| Dorchester Illustration of the Day no. 1424
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Illustration from Scraps, 1849, by David Claypoole Johnston.
David Claypool Johnston and his family lived at 32 Payson Avenue in Dorchester during Johnson's later years. Johnston was an important 19th century artist in the pioneer period of American graphic arts.
From American Antiquarian Society website:
David Claypoole Johnston was born in Philadelphia on March 25, 1799. He grew up in Philadelphia, and as a teenager was apprenticed to Francis Kearney for four years, where he learned engraving and etching. His first lithograph appeared in the December 1825 issue of the Boston Monthly Magazine.
In the early years of working as an artist, he supplemented his income by working as an actor, first in Philadelphia and later in Boston. He moved to Boston in 1825 to work in the theatre, and eventually began working as a lithographer with the Pendleton's. The first lithographed sheet music cover titled "The Log House," was lithographed by Johnston and published March 14, 1826.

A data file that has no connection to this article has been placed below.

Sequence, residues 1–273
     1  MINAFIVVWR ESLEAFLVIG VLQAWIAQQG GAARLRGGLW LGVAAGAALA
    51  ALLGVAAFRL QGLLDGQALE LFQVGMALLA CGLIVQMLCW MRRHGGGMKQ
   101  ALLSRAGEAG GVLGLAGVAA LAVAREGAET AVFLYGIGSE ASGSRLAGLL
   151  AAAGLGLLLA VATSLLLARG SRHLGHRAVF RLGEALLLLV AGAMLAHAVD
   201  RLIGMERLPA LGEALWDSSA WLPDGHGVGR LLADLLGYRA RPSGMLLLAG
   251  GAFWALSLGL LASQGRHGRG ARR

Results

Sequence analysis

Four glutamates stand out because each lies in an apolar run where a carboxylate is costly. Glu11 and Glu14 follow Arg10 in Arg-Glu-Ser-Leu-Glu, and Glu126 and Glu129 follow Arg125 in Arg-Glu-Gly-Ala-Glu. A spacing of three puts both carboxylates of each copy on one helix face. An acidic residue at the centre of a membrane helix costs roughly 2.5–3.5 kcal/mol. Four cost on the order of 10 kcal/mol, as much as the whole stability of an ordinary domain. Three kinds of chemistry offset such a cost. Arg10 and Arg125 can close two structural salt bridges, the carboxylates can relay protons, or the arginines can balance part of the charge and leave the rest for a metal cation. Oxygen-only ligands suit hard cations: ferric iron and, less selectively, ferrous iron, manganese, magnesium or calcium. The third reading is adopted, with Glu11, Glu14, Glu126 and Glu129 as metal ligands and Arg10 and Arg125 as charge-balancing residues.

Johnston's work was very well received in the United States. His most well-known topics include the militia, temperance, religion, and politics. He is best remembered for his contribution to the early years of lithography in America and as a humorist.
David Claypoole Johnston had a great sense of humor and is probably best known for his satirical work. One of the first pieces of artwork attributed to him was a copper plate engraving, titled "A Militia Muster," published in 1819. It is signed "Drawn by Busybody, Eng'd by Nobody. Published by Somebody, for Anybody & Everybody." This work is satirical, poking fun at the unorganized nature of the citizen-soldier militia unit.
In 1828, he began publishing the first of nine volumes of Scraps, which included caricatures that poked fun at events that interested him. Scraps was very well received by the public. One letter sent to Johnston states "The very interesting and amusing 'Scraps' which you were so kind as to send have caused me to laugh so heartily & so long that I have but just recovered steadiness of hand sufficient to write you a note of thanks for your attention. Pray accept my sincere tho' late acknowledgements & believe me."
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Created: November 11, 2010 Modified: November 11, 2010